As he wrote in his essay "Self-Reliance,"
"A foolish consistency is the hobgoblin of little minds, adored by little statesmen and philosophers and divines."
It's quite true that diplomats and other officials often make a fetish of consistency, at least until they have to change their positions. Sometimes it's a virtue, sometimes a hindrance to wise policy.
This point came home to me as I read, in this twilight of summer reading for pleasure now that classes resume, a very informative book on Churchill's views of the British empire. Author Richard Toye cites private and public statements by Churchill that show his sometimes ambivalent and often changing views of imperial subjects and colonial wars. While he was consistent in supporting British conquest and imperium, Churchill was inconsistently racist, inconsistently in favor of brutal tactics, and inconsistently confident that the efforts to preserve the empire were worth the cost.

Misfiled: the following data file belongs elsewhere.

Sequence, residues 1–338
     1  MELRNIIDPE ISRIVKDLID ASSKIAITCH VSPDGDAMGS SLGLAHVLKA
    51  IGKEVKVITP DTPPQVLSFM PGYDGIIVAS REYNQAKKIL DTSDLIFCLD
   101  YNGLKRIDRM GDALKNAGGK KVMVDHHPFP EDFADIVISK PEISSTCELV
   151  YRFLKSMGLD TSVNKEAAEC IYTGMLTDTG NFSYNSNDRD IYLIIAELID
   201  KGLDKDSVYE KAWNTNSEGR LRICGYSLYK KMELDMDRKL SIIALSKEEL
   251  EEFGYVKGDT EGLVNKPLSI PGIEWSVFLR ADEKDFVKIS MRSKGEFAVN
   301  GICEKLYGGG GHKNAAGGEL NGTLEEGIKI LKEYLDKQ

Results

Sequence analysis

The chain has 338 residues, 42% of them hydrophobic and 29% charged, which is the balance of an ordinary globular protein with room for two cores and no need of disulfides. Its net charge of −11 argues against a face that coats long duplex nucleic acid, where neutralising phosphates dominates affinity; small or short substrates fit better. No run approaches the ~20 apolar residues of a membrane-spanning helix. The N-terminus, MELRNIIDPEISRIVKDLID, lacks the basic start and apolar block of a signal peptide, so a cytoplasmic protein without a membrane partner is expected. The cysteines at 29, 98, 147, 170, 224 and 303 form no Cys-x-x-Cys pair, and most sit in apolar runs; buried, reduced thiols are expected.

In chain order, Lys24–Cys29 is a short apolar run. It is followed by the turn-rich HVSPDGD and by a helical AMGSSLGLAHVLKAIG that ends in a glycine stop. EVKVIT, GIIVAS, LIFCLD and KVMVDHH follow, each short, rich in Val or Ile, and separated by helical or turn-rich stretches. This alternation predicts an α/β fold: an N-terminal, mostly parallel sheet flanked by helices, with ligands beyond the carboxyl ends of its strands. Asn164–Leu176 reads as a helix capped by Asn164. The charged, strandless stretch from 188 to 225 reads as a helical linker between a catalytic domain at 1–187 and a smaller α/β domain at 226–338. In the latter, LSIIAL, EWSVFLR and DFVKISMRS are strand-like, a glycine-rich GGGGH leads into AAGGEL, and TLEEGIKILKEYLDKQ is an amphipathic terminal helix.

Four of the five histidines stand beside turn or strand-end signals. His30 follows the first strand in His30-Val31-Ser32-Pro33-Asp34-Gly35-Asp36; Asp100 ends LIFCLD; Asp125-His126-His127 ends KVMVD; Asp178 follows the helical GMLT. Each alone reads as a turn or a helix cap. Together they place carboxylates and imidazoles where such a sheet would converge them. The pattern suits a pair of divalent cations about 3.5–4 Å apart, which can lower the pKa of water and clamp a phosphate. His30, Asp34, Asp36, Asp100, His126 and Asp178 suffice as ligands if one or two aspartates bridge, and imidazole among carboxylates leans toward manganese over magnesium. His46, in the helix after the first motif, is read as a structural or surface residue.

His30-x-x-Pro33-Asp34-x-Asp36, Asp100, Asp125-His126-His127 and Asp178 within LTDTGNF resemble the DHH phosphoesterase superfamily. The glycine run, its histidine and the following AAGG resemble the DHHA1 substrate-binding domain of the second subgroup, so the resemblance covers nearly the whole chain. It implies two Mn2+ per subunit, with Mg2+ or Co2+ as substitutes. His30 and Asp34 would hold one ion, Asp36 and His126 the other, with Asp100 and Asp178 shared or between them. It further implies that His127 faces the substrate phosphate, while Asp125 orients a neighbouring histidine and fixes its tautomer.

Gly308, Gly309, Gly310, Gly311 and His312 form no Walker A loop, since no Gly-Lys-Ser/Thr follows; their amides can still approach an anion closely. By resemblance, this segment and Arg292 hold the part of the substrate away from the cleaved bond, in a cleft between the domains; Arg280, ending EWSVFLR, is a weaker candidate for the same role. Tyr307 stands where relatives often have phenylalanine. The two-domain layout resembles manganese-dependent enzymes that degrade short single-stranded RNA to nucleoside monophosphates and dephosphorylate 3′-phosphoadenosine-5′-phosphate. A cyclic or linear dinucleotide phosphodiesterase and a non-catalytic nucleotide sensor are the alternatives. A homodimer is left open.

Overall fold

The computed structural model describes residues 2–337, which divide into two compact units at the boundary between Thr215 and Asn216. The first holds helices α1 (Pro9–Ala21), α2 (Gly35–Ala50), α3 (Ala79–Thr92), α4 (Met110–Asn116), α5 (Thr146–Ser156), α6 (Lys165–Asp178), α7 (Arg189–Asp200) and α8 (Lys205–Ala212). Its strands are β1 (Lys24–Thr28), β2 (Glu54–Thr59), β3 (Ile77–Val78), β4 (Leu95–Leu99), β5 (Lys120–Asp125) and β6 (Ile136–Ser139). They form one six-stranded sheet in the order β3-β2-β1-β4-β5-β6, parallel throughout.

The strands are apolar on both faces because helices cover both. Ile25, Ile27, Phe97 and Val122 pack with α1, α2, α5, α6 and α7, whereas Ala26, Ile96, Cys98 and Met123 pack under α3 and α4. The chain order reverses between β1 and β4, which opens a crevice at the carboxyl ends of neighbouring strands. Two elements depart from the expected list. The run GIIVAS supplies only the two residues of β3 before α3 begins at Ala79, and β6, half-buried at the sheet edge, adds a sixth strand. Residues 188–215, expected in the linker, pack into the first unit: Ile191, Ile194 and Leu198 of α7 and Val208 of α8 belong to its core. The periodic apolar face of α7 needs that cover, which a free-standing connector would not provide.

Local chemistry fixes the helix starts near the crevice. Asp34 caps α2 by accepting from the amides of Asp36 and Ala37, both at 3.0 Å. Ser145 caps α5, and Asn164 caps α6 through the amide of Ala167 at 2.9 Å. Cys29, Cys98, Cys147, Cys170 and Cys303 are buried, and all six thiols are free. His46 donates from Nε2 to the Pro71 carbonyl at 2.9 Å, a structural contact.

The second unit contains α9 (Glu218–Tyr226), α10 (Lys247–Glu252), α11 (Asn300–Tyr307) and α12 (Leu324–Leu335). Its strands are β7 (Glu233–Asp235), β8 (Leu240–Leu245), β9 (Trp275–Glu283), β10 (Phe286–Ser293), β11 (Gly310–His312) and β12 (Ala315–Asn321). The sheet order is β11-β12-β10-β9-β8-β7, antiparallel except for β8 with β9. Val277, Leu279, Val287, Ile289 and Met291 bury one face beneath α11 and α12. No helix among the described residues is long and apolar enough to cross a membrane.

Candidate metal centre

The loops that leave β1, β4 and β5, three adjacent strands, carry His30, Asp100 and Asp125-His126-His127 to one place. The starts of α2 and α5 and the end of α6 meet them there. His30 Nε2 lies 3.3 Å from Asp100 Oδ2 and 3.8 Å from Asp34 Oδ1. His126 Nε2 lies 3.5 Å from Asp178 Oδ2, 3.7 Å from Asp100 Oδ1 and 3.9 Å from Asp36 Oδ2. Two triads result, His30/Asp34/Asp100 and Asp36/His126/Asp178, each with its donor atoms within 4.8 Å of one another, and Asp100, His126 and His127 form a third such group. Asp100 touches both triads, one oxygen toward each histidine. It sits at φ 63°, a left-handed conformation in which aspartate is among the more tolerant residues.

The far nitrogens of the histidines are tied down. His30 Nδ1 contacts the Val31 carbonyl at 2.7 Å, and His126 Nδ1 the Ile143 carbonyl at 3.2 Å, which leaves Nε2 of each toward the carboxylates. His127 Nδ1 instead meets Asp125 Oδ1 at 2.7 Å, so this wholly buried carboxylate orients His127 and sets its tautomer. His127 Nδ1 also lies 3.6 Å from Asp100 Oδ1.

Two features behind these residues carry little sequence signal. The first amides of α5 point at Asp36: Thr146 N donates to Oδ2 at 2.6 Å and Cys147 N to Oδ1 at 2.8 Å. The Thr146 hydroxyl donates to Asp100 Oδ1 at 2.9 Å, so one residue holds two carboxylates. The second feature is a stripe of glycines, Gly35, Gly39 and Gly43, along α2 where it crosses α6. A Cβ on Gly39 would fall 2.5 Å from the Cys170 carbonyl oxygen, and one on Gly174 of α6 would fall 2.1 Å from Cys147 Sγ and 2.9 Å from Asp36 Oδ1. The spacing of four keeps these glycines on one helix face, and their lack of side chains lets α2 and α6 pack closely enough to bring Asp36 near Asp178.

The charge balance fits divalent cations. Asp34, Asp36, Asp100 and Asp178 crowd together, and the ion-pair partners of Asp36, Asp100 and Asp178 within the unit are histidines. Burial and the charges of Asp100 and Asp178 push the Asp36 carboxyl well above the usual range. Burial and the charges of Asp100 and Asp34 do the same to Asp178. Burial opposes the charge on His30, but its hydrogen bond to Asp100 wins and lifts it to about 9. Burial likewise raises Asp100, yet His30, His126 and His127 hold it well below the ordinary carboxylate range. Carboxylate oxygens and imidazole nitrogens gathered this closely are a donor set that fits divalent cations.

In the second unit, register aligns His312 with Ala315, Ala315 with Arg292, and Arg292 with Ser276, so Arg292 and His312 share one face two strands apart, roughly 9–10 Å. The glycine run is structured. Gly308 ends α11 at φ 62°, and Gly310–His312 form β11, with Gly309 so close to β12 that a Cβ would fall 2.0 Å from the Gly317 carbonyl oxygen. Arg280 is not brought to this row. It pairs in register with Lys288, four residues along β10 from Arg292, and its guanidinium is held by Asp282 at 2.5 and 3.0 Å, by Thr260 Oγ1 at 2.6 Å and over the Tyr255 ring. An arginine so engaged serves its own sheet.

Biographers often note that the vices of great leaders are usually the extreme form of their virtues. Churchill's obstinacy was noble against Hitler, but less admirable or effective against other adversaries. What is interesting to me -- in general, a Churchill admirer -- is how less consistent he was on many imperial issues than I had realized.